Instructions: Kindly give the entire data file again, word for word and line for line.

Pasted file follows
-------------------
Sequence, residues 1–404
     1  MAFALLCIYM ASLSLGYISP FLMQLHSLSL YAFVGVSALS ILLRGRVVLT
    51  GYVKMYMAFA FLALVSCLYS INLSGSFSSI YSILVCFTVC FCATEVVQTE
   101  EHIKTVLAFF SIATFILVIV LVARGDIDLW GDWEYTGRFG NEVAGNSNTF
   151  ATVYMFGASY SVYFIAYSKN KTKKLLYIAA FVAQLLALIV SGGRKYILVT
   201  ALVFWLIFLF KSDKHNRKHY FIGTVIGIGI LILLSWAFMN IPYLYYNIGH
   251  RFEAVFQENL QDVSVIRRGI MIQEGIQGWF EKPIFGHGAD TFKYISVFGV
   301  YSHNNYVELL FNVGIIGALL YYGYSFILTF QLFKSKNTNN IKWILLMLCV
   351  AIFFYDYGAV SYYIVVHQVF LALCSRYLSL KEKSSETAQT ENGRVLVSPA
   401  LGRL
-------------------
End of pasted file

Sequence, residues 1–404
     1  MAFALLCIYM ASLSLGYISP FLMQLHSLSL YAFVGVSALS ILLRGRVVLT
    51  GYVKMYMAFA FLALVSCLYS INLSGSFSSI YSILVCFTVC FCATEVVQTE
   101  EHIKTVLAFF SIATFILVIV LVARGDIDLW GDWEYTGRFG NEVAGNSNTF
   151  ATVYMFGASY SVYFIAYSKN KTKKLLYIAA FVAQLLALIV SGGRKYILVT
   201  ALVFWLIFLF KSDKHNRKHY FIGTVIGIGI LILLSWAFMN IPYLYYNIGH
   251  RFEAVFQENL QDVSVIRRGI MIQEGIQGWF EKPIFGHGAD TFKYISVFGV
   301  YSHNNYVELL FNVGIIGALL YYGYSFILTF QLFKSKNTNN IKWILLMLCV
   351  AIFFYDYGAV SYYIVVHQVF LALCSRYLSL KEKSSETAQT ENGRVLVSPA
   401  LGRL